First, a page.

Circuit's Blog :Return to Blog
Charger Circuit for 6V or 12V Car Battery
The circuit has been designed to construct a practical mechanism that can easily and automatically charge batteries rated at 6 V or 12 V used in automobiles.
- BC557 – PNP general purpose transistors used for amplification and switching due to its low current and low voltage
- BC547 – NPN small signal transistors designed for general purpose switching and amplification due to its low voltage, low current and three different gain selections
- BD139 – NPN power transistor used for driver stages in hi-fi amplifiers and television circuits because of its low voltage at 80 V maximum and high current at 1.5 A maximum
- 2N3055 – a complementary Silicon Epitaxial-Base planar NPN transistor mounted in Jedec TO-3 metal case for use as power transistor
One of the essential factors in the operation of this circuit is the utilization of transformer denoted as T1 which has excellent resistance and insulation for short circuits making it a good quality. It is responsible for transferring electric energy or alternating current from one circuit to another via conductors that are coupled inductively. A transformer is composed of two or more coils of conducting element, like a wire, wrapped around a core where a magnetic field is produced by an alternating current in one coli. This will induce the same current in the other coils.
The transistor Q1 is conducting through voltage divider R1 and R2 while trimmer TR1 and resistor R4 are functioning as regulated current source. The Darlington pair of power transistors Q5 and Q6 is being driven by a current through R9. A Darlington pair is designed in such a way that the collectors of both transistors are attached together and the emitter of the first transistor is directly coupled to the base of the second or output transistor. The base current of the output transistor is equal to the emitter current of the input transistor. A car battery charger is normally around 6 V to 8 V while the current is around 1.2 A being handled by the trimmer TR1. As the battery is charged slowly, the voltage is gradually increasing until it reaches 7 V, which would cause D1 to conduct. The increase in voltage results to the decrease of voltage across R3 which makes Q1 to conduct. The process will continue until the circuit reaches 6 A. the transistor Q4 will be driven by the voltage drop via R10. Since the transistor Q5 is grounded, the excess current across it would remain constant for modification.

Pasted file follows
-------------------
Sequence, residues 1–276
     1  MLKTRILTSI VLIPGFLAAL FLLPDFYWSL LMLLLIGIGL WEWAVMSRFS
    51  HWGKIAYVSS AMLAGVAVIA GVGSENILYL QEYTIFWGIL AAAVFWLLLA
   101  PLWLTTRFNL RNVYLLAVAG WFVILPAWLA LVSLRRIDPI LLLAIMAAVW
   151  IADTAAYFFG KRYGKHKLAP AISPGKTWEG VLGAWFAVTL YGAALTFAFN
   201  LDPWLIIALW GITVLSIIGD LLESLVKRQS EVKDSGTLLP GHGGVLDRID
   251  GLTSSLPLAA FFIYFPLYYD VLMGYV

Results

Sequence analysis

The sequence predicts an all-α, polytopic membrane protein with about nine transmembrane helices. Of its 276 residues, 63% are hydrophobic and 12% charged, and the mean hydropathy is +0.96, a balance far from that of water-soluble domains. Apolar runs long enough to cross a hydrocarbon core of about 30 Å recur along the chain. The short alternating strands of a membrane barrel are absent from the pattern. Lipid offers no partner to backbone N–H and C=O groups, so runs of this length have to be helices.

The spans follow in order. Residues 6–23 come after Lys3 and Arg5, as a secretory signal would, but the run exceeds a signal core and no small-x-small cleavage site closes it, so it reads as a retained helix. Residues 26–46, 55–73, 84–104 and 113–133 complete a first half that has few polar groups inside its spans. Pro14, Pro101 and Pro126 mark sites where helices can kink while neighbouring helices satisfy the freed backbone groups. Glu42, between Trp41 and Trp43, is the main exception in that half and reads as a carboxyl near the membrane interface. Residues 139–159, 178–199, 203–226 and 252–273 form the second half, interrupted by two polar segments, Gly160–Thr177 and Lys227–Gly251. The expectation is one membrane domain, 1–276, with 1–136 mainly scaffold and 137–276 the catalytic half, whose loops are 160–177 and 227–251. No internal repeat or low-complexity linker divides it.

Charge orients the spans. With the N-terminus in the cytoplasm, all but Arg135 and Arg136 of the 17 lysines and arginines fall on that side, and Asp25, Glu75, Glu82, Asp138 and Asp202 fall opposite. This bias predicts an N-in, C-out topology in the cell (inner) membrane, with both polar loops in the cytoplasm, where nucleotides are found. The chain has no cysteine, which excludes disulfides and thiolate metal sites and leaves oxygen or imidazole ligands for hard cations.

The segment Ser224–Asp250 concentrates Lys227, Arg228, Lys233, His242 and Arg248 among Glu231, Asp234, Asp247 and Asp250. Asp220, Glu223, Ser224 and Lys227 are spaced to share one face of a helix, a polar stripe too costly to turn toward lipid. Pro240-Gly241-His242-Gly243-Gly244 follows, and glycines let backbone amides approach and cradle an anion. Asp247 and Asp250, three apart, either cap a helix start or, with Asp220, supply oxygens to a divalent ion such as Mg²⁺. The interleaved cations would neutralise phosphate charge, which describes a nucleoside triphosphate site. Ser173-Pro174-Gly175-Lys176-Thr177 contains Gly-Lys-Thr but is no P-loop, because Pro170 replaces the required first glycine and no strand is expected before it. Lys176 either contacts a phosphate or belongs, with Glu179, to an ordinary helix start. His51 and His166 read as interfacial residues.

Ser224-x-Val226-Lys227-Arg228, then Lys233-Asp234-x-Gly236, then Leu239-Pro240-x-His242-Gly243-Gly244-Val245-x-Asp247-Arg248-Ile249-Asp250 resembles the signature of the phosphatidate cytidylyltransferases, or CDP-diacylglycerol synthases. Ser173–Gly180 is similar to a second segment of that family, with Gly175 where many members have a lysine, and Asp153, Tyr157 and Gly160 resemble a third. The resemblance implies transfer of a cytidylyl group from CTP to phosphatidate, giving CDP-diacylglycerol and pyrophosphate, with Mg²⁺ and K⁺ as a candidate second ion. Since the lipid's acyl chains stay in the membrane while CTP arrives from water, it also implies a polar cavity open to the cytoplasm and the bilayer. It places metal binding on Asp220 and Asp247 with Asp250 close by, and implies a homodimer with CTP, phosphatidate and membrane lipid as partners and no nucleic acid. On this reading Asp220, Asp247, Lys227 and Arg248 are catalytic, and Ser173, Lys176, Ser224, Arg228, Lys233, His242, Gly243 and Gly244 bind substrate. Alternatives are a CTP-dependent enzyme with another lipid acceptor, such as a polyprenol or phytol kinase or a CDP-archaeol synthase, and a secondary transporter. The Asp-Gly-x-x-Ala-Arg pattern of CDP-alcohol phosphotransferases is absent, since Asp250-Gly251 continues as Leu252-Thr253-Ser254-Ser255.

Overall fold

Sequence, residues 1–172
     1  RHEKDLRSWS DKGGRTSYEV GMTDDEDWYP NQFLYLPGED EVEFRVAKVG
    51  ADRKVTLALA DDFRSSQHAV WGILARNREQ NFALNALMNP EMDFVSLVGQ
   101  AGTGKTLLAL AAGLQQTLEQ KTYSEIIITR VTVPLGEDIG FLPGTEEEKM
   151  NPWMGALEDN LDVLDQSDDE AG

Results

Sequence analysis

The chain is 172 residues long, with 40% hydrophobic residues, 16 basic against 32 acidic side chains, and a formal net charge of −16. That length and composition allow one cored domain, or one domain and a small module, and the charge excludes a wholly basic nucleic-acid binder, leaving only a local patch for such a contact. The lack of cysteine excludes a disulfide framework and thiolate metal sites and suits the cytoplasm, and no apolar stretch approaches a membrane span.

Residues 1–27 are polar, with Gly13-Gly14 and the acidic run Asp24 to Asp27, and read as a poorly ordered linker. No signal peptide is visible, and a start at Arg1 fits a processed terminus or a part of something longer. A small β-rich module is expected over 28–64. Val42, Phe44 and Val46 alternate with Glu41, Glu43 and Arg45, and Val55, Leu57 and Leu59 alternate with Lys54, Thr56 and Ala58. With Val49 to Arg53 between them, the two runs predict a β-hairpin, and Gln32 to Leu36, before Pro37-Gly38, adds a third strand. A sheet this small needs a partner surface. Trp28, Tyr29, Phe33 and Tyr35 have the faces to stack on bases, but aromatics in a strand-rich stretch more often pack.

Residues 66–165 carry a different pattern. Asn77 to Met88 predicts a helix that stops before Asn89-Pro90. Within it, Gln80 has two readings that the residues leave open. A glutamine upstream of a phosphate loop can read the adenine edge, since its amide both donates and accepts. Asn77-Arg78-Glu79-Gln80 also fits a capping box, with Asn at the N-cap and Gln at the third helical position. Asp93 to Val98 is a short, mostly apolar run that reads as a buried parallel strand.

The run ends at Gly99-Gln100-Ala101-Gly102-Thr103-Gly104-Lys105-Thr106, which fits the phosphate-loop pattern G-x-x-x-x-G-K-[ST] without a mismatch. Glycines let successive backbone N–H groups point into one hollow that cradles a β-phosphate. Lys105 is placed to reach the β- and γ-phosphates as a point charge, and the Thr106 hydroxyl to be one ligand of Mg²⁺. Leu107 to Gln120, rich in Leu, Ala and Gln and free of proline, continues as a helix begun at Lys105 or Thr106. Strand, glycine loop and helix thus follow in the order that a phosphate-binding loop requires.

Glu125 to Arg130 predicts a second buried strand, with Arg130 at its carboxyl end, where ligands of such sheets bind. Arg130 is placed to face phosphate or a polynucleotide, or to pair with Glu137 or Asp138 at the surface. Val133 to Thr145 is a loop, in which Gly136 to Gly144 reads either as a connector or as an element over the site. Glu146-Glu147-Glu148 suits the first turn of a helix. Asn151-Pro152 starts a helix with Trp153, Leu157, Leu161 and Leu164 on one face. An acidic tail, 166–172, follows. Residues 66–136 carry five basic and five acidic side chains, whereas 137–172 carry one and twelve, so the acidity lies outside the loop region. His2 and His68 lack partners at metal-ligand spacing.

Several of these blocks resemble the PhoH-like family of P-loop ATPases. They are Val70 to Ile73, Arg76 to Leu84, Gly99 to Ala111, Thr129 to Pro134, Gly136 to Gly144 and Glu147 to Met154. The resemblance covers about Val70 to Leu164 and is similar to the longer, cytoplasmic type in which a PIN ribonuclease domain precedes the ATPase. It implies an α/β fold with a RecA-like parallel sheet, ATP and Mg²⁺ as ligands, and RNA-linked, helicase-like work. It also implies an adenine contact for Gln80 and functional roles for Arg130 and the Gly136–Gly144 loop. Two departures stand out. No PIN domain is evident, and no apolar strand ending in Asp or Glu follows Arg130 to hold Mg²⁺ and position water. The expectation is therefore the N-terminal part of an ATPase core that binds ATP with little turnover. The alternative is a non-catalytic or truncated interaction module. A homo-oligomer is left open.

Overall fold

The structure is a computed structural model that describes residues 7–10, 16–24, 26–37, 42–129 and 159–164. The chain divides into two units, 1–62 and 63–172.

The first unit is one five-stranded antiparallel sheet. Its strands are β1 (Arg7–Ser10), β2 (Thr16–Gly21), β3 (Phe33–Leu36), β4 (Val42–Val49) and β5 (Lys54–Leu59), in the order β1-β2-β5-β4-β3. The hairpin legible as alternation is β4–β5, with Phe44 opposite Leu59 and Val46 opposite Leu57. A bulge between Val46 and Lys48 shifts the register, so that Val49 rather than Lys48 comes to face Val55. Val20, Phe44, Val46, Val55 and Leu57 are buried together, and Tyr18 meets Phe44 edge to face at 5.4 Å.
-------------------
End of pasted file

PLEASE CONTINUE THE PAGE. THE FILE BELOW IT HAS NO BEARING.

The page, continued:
When the charging applied reaches 14.4 V, the circuit parallel to the battery will be triggered, which consist of R6, D2, D6, and D8. The indication of complete charging of the battery will show in LED D8 as it conducts simultaneously upon charge completion. This will also lead to Q2 turning ON due to voltage drop across R6. Some of the currents at the base of Q5 will be grounded by Q3 as it conducts. The current across the base of Q5 will be very minimal when the voltage reaches around 15 V, which will stop the battery for charging. To protect the battery from short circuit or high voltage, diodes D5 and D6 are used while D6 is used for misplaced error from battery poles. In case an error occurs, D9 will turn ON for indication. Diode D2 which possess 6.8 V can be shorted by closing switch S2 for charging of 6V battery.
The charging current of 1.2 A should be adjusted by the trimmer TR1 with the use of a 6 V battery. An ampere meter with 10 A rating will be connected in cascade with the battery. In the absence of a 6 V battery, a charger can be used that will pass through the ampere meter to achieve the adjustment of TR1 to 1.2 A. When a 12 V battery is used, switch S2 will be open during the adjustment. The values of diodes D2 and D3 should be precise to protect the battery from overcharge. An acceptable value of 100 mV can be considered as the voltage deviation. If TR1 is not enough and current adjustments are causing difficulties, the value of R4 can be altered until the desired charging current becomes 1.2 A. two parallel resistors formed by R10 is placed with an appropriate distance from the printed circuit board, Q5 and Q6 since its temperature increases during operation. Because of this fact, Q5 and Q6, together with bridge B1, should be placed on a heatsink with the isolation of a suitable silicon mica capacitor. Since the current in the circuit is large, the PCB and bridge should be connected with thick and short cables, as well as using a wide enough PCB. The whole circuit should be enclosed in a metal casing with dimension that has enough ventilation.
It is very important to note that dealing with batteries will always bring danger of explosion, so proper handling and care is a must.
The theory behind the construction of this circuit may be applied not only for charging batteries of cars but also motorcycles, personal watercraft such as Jet Ski, boat, and yacht, batteries of snowmobile, motor scooter, riding mower, utility vehicle, RV and marine application, wheelchair and mobility scooter, Ups/telecom, broadband and cable TV, solar deep cycle, four wheeler, quad bike, and ATV.